November 16, 2011
London is one of those cities that will always be particularly meaningful in my life. It's where my parents met and lived for two years before I was born; it's where my dad first immigrated from Pakistan and made his home for more than fifteen years; it's where I spent a memorable summer working various random jobs between my junior and senior year of college. It's where I learned how to mix a gin and tonic, where I got hit on by a Scottish soccer hooligan, where I ran gleefully through a hedge maze and rode my first subway. It was the first overseas place I ever visited, as a baby and then as a four-year-old toddling around after my parents; again as a sullen thirteen-year-old, with my mother. It's a place where I have friends, where I have extended family, where I feel like I have invisible roots, however tenuous.
reviewed on this blog in the past: Un Lun Dun by China Miéville. In this book for younger YA/older MG audiences, twelve-year-old Zanna and her best friend Deeba accidentally stumble upon a secret entrance to UnLondon, a fantastical alternate version of the city they know and inhabit: "UnLondon is full of quirky magic, sly humor, and engaging, imaginative personages from the outlandish to the silly--reanimated rubbish that has seeped across the barrier from London, giant flies manned by crews of air-pirates, people with pincushions or diving helmets or occupied birdcages for heads." (from my earlier review) And, one of the things that I loved most about this book was not just that one of the main characters, Deeba, is South Asian, but also that she ends up being the sidekick who steals the show and has to save the day. Readers who've grown up with Wonderland and the Phantom Tollbooth, with Roald Dahl's zany scenarios, are sure to enjoy this one.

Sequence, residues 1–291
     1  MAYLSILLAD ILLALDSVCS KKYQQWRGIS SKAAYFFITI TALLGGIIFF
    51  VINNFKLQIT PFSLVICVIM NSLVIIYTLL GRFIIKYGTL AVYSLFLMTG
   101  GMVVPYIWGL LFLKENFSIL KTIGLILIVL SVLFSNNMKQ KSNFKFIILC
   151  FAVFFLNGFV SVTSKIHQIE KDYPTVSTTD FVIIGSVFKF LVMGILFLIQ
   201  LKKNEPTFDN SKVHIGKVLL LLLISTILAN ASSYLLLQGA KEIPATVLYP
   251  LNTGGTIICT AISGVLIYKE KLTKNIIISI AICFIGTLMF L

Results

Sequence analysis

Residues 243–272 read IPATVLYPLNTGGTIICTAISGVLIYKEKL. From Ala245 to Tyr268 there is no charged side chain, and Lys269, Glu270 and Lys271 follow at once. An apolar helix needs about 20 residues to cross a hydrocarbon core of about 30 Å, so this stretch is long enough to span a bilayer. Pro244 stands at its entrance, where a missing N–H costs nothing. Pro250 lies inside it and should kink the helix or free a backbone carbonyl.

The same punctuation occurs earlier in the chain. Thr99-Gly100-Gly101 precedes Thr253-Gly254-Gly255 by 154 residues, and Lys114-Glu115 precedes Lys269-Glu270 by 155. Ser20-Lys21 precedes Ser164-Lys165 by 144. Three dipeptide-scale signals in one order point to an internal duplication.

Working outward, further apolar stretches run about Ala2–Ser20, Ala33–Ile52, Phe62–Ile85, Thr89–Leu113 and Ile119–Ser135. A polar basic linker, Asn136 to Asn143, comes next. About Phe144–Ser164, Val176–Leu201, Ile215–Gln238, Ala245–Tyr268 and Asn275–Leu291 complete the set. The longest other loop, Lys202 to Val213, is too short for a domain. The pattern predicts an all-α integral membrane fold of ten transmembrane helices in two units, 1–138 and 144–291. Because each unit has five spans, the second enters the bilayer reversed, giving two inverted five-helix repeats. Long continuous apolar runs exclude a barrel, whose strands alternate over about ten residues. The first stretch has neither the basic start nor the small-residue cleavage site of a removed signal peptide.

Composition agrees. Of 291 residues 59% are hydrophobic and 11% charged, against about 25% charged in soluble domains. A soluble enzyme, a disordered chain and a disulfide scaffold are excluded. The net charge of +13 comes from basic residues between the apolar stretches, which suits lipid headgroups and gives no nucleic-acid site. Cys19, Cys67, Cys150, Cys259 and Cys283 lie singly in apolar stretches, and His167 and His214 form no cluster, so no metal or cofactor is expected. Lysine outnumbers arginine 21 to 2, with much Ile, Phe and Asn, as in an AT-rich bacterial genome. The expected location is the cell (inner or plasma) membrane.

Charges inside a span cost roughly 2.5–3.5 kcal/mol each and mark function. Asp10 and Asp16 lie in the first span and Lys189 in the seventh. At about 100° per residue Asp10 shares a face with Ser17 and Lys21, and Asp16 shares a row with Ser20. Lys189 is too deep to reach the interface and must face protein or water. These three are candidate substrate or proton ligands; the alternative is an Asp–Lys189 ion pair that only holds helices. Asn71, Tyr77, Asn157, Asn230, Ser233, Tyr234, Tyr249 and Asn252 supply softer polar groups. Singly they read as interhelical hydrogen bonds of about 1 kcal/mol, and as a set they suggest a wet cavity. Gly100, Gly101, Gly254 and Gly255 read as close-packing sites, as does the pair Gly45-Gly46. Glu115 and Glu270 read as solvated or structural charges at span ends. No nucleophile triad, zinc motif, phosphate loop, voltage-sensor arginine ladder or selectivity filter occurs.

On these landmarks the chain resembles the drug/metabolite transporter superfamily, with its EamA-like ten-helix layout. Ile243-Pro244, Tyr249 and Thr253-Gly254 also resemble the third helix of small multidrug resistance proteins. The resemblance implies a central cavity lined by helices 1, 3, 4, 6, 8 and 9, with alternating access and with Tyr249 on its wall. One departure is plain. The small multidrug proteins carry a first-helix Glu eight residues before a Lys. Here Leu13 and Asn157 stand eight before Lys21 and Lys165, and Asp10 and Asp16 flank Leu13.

Books like these end up adding another wonderful layer of story to a place that is already alive and bristling with centuries upon centuries of history and tales. For me, they enrich and inform the way I think about London, the way I experience it each time I'm fortunate enough to find myself there.
Fantastical Past Londons: Jonathan Strange and Mr. Norrell by Susanna Clarke, The Anubis Gates by Tim Powers, Black Book of Secrets by F.E. Higgins (the first two are written for adult readers, but would be fine for older YA)
Imagined Future Londons: Carbon Diaries by Saci Lloyd, How I Live Now by Meg Rosoff
Also, be sure to check out Jackie's post at Interactive Reader on historical London as well as Tanita's post on Terry Pratchett's truly zany city of Ankh-Morpork. The full One Shot schedule is available and updated throughout the day at Chasing Ray.